Bad Nuanced

How do you know if you’re the good guy, or the bad guy? Someone important to me once said that the world is more nuanced than that. It’s not as simple as good versus bad. Ever since I was a kid, I always wanted to be the hero. Standing up for what was right. Lamenting against the injustices wherever they should occur. Transpose that naïve ideology atop of my adult life, and you’ll find a disillusioned boy trapped within a captious man’s body. No cape, no emblem… just a guy who fought against the injustice of death while struggling to find reason in it all.

In life, the only certainty is death. I never struggled with that realization. It was all the stuff in-between. As a paramedic, I knew that I would lose people. I learned that lesson very early on in my career. And I felt like I was fine with it. As fine as someone can be. But like anything that stacks atop of itself—it can only go so far before it wobbles and falls. It was during my time in the rubble that I started to question which guy I was… the good guy, or the bad guy?

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I drowned this introspection in many bottles of whiskey. Turns out, booze is a fertilizer. The more I drank, the more I questioned. I knew that the symbolism of being a paramedic gave the optics of a good guy. Thing is, when immersed within humanity’s worst offerings, I wasn’t always good.

I once stood with a body lain at my feet. A body of a boy we failed to save. I was panting, tired yet still engorged by the adrenaline of our efforts. I took in his features, his dead, pale features. And the more I did, the angrier I became. It felt like such a needless loss of life. Like he had just given up at the first sign of struggle. His death was a suicide. He was fourteen. I even cursed downward at him. I was angry that we couldn’t get him back. We worked him for a good while. My vituperation was foisted aloud. I don’t recall if any of the other first responders heard me, though I suspect it impossible that they hadn’t.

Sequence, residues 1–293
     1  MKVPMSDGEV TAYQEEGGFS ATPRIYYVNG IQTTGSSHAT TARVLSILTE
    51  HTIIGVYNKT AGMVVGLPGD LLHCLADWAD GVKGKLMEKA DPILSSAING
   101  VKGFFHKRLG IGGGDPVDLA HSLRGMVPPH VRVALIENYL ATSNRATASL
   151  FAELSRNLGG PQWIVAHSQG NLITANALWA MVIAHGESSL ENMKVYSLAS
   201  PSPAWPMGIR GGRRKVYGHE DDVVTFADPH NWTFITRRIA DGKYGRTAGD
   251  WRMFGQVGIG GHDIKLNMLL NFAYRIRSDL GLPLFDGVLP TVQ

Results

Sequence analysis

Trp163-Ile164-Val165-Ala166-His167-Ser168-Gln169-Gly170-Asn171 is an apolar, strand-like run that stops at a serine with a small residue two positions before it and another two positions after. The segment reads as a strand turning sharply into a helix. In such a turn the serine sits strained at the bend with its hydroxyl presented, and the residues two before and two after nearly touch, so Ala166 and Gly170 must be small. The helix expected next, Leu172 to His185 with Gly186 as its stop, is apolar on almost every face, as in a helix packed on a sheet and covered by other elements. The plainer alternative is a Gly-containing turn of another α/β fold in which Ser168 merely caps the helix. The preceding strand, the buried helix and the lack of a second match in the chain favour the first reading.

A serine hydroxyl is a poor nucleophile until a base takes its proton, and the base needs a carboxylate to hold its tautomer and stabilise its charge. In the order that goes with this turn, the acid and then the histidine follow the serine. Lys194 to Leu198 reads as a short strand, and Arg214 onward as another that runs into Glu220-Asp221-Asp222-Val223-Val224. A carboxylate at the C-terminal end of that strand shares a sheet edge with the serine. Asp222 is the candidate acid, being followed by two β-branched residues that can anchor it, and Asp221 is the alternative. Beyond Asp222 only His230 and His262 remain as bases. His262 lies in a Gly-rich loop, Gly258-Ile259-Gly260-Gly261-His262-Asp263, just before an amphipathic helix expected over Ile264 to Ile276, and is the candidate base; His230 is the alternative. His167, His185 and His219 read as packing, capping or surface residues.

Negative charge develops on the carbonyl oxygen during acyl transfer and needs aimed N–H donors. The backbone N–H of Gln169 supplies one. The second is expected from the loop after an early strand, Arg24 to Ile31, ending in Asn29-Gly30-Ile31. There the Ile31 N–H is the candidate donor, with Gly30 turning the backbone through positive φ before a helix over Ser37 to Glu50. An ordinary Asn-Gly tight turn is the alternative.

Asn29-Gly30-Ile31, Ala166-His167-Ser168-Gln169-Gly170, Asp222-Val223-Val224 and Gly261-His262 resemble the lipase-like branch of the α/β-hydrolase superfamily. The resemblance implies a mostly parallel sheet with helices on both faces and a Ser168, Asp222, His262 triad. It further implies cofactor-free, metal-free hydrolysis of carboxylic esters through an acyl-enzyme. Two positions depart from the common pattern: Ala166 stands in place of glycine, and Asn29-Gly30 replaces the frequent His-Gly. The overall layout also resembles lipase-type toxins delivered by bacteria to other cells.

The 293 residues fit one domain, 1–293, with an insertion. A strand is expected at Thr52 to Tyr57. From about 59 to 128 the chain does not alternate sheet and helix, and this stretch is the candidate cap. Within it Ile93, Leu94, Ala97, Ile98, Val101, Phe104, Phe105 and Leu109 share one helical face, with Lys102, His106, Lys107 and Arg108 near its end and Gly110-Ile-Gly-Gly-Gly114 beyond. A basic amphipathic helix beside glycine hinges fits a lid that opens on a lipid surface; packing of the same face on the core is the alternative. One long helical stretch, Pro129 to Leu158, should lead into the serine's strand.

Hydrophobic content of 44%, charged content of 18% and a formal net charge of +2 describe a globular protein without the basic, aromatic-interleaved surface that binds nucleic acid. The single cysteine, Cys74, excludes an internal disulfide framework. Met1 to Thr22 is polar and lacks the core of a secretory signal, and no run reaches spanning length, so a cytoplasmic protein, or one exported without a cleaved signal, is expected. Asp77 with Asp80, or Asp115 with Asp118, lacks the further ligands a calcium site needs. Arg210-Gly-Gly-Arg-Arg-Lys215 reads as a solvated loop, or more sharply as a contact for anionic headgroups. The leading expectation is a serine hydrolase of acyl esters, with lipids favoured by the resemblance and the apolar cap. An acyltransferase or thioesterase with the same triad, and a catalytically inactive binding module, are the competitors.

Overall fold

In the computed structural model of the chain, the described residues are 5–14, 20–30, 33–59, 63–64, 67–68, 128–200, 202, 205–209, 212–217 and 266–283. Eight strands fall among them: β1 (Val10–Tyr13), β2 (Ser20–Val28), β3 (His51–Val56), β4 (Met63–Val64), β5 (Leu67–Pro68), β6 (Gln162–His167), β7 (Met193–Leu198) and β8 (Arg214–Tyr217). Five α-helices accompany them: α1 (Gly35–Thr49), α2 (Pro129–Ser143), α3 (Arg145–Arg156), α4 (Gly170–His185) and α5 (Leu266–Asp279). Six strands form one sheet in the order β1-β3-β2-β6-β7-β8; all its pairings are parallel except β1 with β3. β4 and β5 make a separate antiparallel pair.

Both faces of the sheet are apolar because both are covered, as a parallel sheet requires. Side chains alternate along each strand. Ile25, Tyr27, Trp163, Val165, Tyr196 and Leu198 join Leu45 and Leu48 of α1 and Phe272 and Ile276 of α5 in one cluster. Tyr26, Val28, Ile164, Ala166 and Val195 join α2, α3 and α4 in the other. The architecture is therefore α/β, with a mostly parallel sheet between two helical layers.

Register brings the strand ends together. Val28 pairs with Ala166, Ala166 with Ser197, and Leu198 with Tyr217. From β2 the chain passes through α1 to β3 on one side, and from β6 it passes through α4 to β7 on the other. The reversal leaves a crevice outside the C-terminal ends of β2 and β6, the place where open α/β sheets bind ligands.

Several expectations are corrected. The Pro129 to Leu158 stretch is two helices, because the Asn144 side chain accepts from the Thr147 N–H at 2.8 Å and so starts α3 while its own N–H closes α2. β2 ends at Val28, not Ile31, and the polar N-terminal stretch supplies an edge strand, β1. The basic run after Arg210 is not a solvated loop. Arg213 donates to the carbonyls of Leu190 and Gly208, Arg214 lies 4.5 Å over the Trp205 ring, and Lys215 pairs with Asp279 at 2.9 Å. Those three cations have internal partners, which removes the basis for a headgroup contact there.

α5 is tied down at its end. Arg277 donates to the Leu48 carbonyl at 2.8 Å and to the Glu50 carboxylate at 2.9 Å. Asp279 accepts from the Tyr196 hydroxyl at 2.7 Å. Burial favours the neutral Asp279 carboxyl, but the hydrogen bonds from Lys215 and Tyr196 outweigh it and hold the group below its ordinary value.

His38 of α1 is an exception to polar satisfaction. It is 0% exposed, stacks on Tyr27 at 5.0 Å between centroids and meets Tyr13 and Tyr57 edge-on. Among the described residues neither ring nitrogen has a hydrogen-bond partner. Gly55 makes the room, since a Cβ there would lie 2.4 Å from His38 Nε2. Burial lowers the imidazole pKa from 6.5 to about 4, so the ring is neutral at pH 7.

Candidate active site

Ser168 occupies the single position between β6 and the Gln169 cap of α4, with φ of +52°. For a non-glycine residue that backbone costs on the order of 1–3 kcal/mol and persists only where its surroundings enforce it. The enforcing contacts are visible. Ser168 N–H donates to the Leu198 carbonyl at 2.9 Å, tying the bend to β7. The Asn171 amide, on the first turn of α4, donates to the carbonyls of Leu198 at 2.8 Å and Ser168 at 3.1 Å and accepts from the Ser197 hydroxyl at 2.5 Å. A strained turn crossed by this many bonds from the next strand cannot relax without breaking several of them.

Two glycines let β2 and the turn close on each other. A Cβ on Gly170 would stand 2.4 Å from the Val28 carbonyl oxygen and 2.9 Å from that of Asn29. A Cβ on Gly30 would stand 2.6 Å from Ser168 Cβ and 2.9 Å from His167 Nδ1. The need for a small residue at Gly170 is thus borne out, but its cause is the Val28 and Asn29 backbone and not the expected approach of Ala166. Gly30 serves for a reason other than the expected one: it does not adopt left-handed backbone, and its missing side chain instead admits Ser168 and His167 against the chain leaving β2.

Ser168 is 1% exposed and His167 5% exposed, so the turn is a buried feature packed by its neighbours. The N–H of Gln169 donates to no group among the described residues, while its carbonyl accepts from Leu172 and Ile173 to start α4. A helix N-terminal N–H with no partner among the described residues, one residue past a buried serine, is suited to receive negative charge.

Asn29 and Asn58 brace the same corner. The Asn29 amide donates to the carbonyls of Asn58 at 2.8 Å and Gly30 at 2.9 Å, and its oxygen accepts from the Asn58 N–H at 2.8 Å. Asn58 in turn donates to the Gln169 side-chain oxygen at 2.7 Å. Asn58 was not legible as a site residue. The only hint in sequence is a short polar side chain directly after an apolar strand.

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When I went back to the ambulance, I felt my body start to shake. Not from adrenaline, but sorrow and remorse. His appearance was barely adolescent, he still looked like a kid. The world didn’t seem fair in that moment. It had taken the life of someone who hadn’t even lived yet, and left a horrible wake of devastation behind for those doomed to continue with living. The boy wasn’t bad… I was. I swore at a dead kid. Nothing heroic or good about that.

Then there was the guy in the grocery store. I was on a day off, getting some stuff for dinner. I was standing idle in-front of a sprawling sea of packages when the voice came in. It was a shaken voice of a man whose appearance was hauntingly familiar to me. You see, the night previous, I had been on a call… it was another suicide. A man had hanged himself in the foyer of his apartment. We worked him and did all we could, but to no avail. The man was dead. Unbeknown to me, this man had a brother… a twin brother. A brother that must have been on scene and witnessed me working on his other copy. I hadn’t seen him, I was busy, I guess. So, by some cruel twist if the universe, we happened to be in the same grocery store at the same time and the man caught sight of me and knew exactly who I was. For me, it was different. See, I recognized him… but to me, it was a damn ghost standing in that aisle talking to me. Asking me why? Begging me for answers. I was frozen stiff. The only thing I could hear outside of his panicked voice was the thunder of my heart pounding between my ears.